Art Tech Law Seminar: Street Art a Criminal Act?
Street Art Illicit Art Criminal Act?
Monin Ung, Managing Partner of MUNG Legal, discussed the competing legal rights of private and public property, artistic copyrighted creations and cultural preservation. Let’s get this straight, damage to property belonging to someone else is an offence and a crime. To what extent a criminal act should be excused or given leniency under the law is, often, a matter of public opinion.
Much of public opinion has embraced street act for its cultural and aesthetic values it adds to their cities. The impact of street art on contemporary culture is beyond debate. Museums exhibit it, galleries are commercialising it, brands have incorporated it.
Not everyone can legitimise street art the way Banksy did. The removal of Invader’s giant Pac-man installation on King’s Road in Hong Kong drew a public outcry in 2014. The Highways Department, which maintains the “integrity of the road network with particular emphasis on safety and serviceability”, reiterated that unauthorised materials or graffiti on public facilities are “unlawful” and will be promptly removed.
In 2017 New York a judge has awarded US$6.7m to 21 graffiti artists who sued after their works were destroyed on buildings torn down to make room for luxury apartments in Queens.
Judge Frederic Block noted there was no remorse from the owner of the warehouse buildings.
The graffiti was ruined with a surprise overnight whitewash of the building on the orders of the owner in 2013, and the buildings were torn down a year later.
5Pointz had been an international graffiti mecca since the 1990s, as tourists came from around the world to see the spectacle and New Yorkers saw the towering graffiti art daily from the elevated tracks of the subway train.
The trial was a key test of the Visual Artists Rights Act (VARA), which grants visual artists certain “moral rights” for their work. Previous VARA cases rarely made it to trial, and were instead settled privately.
The judge said he would not have assessed so much in damages if the owner had awaited his permits and demolished the art 10 months later than he did. The judge warned that artists that the law regarding private property had to be observed and said: “The building, unfortunately, is going to have to come down.”
Since the talk a US Appeals Court decision issued on 20 February 2020 upheld victory for the street artists. A three-judge panel concluded that the Brooklyn federal judge was correct to award the damages against developers who destroyed the aerosol artwork.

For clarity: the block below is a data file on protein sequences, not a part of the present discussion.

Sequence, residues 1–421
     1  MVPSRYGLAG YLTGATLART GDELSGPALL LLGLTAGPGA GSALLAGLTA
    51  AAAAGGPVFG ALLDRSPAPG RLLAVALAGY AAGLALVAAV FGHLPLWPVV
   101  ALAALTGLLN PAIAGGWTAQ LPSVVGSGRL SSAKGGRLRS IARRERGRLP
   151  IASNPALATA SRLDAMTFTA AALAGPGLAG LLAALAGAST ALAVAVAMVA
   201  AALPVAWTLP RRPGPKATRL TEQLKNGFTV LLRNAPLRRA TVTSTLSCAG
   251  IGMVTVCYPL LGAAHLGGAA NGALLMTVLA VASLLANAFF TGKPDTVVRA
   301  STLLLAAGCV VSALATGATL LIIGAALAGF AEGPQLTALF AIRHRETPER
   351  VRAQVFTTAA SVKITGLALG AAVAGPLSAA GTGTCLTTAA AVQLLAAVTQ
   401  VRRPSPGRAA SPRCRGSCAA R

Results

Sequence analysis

On the subject of criminality, what of the “theft” and destruction of the banana worth US$120,000 taken off the wall of an exhibition by performance artist David Datuna? Topic for discussions for another day.
Appreciation goes to playground.work co working space for hosting this talk!
Art Tech Law Seminar: Art Theft
Art Theft Rakes in US$6-8 Billion Annually
Art Theft Rakes in US$6-8 Billion Annually Art theft statistics say that more than 50,000 pieces of artwork are stolen each year around the world and the black market for stolen art is valued at between $6 billion and $8 billion annually.
Although there is no register of ownership of art such as for cars, owners and insurers can register art on a positive database held by the Art Loss Register (www.artloss.com).
If an artwork is stolen, the owner or insurer can register it as such with any of the lost or stolen art databases such as the Art Loss Register or Interpol (www.interpol.int/Crime-areas/Works-of-art/Works-of-art). The stolen art database of the Art Loss Register is not publicly available but it can be searched on request. Some data on the Interpol database of stolen works of art, including the most recent stolen works of art reported, can be searched by members of the public.
Good-faith acquisition of stolen art
In law, the thief does not possess ownership to the stolen art and will be unable to pass on good title to a buyer. However, under English Law, the statute of limitation comes to the rescue of the buyer in good faith, in that the ownership of the rightful owner whose artwork was stolen is extinguished after six years from the date of the first acquisition in good faith.
This applies regardless of when the rightful owner discovered or could have discovered the whereabouts of the artwork. If the rightful owner’s title has expired, the current holder of the artowkr will typically have possessory title to the artwork. The party relying on his good faith has the burden of proving good faith. Good faith is a matter of fact left to the discretion of the courts. In assessing good faith, a court will typically consider the circumstances of the buyer’s acquisition, including the due diligence carried out with regard to the buyer’s expertise and resources.
In Hong Kong, where goods are openly sold in a shop or market in the ordinary course of the business of such shop or market, the buyer acquires a good title to the goods, provided he buys them in good faith and without notice of any defect or want of title on the part of the seller. Art theft was one of the various art market risks discussed by Monin Ung, Managing Partner of MUNG Legal at the Hong Kong Law Society CPD Seminar held at Commons co working space.
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11/F, 244-248 Des Voeux Rd
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